COMPARATIVE STUDY
JOURNAL ARTICLE

Online vs. face-to-face discussion in a Web-based research methods course for postgraduate nursing students: a quasi-experimental study

Malcolm Campbell, Will Gibson, Andy Hall, David Richards, Peter Callery
International Journal of Nursing Studies 2008, 45 (5): 750-9
17306272

BACKGROUND: Web-based technologies are increasingly being used to create modes of online learning for nurses but their effect has not been assessed in nurse education.

OBJECTIVES: Assess whether participation in face-to-face discussion seminars or online asynchronous discussion groups had different effects on educational attainment in a web-based course.

DESIGN: Non-randomised or quasi-experimental design with two groups-students choosing to have face-to-face discussion seminars and students choosing to have online discussions.

SETTING: The Core Methods module of a postgraduate research methods course.

PARTICIPANTS: All 114 students participating in the first 2 yr during which the course teaching material was delivered online.

OUTCOME: Assignment mark for Core Methods course module.

METHODS: Background details of the students, their choices of modules and assignment marks were collected as part of the routine course administration. Students' online activities were identified using the student tracking facility within WebCT. Regression models were fitted to explore the association between available explanatory variables and assignment mark.

RESULTS: Students choosing online discussions had a higher Core Methods assignment mark (mean 60.8/100) than students choosing face-to-face discussions (54.4); the difference was statistically significant (t=3.13, df=102, p=0.002), although this ignores confounding variables. Among online discussion students, assignment mark was significantly correlated with the numbers of discussion messages read (Kendall's tau(b)=0.22, p=0.050) and posted (Kendall's tau(b)=0.27, p=0.017); among face-to-face discussion students, it was significantly associated with the number of non-discussion hits in WebCT (Kendall's tau(b)=0.19, p=0.036). In regression analysis, choice of discussion method, whether an M.Phil./Ph.D. student, number of non-discussion hits in WebCT, number of online discussion messages read and number posted were associated with assignment mark at the 5% level of significance when taken singly; in combination, only whether an M.Phil./Ph.D. student (p=0.024) and number of non-discussion hits (p=0.045) retained significance.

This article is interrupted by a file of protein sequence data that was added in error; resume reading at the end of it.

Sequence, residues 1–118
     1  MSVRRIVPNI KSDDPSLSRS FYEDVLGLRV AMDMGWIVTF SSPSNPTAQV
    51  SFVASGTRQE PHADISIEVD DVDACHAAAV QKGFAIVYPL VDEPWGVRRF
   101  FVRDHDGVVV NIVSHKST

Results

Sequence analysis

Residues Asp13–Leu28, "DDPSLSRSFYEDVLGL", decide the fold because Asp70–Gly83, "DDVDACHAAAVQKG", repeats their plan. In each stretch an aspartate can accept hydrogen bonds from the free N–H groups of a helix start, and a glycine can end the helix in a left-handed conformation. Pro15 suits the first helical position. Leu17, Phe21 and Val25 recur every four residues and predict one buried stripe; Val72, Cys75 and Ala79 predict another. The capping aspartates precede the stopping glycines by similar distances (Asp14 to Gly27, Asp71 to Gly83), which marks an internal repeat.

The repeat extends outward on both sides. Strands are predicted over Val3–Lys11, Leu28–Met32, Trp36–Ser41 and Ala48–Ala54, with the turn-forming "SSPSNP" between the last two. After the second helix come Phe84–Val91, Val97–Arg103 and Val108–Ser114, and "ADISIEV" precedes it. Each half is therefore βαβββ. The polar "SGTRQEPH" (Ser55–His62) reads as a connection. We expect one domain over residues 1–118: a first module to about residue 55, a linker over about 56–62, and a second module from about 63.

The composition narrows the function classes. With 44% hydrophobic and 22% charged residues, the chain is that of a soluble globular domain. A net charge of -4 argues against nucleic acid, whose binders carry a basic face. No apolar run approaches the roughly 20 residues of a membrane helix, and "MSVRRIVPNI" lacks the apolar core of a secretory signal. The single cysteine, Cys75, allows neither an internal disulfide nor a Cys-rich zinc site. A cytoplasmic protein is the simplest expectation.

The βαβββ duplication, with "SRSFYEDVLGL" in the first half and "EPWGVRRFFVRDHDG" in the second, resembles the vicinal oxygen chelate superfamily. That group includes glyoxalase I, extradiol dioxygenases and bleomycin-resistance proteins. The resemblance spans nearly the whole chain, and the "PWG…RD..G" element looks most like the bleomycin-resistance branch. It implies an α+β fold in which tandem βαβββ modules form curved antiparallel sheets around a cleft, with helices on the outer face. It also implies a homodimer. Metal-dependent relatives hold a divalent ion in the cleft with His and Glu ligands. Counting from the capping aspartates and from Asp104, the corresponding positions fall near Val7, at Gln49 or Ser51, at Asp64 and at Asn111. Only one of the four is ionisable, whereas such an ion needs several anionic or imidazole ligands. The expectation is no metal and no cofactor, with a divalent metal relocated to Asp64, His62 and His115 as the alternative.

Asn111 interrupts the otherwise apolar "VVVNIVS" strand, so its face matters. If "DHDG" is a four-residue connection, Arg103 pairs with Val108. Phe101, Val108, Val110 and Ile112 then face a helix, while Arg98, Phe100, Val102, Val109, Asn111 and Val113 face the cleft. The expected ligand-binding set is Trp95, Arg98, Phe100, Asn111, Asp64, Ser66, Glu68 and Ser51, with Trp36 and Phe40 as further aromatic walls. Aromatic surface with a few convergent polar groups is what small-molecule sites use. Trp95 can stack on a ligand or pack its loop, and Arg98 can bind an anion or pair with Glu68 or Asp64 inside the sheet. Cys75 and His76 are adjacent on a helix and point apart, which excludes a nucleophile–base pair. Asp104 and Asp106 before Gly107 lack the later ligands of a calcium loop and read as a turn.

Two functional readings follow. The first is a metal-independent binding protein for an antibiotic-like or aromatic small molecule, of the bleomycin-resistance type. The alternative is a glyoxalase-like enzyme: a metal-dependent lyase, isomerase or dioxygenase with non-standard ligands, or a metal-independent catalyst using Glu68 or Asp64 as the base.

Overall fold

CONCLUSIONS: This study demonstrates that a research methods course can be delivered to postgraduate healthcare students at least as successfully by an entirely online method in which students participate in online discussion as by a blended method in which students accessing web-based teaching material attend face-to-face seminar discussions. Increased online activity was associated with higher assignment marks. The study highlights new opportunities for educational research that arise from the use of virtual learning environments that routinely record the activities of learners and tutors.

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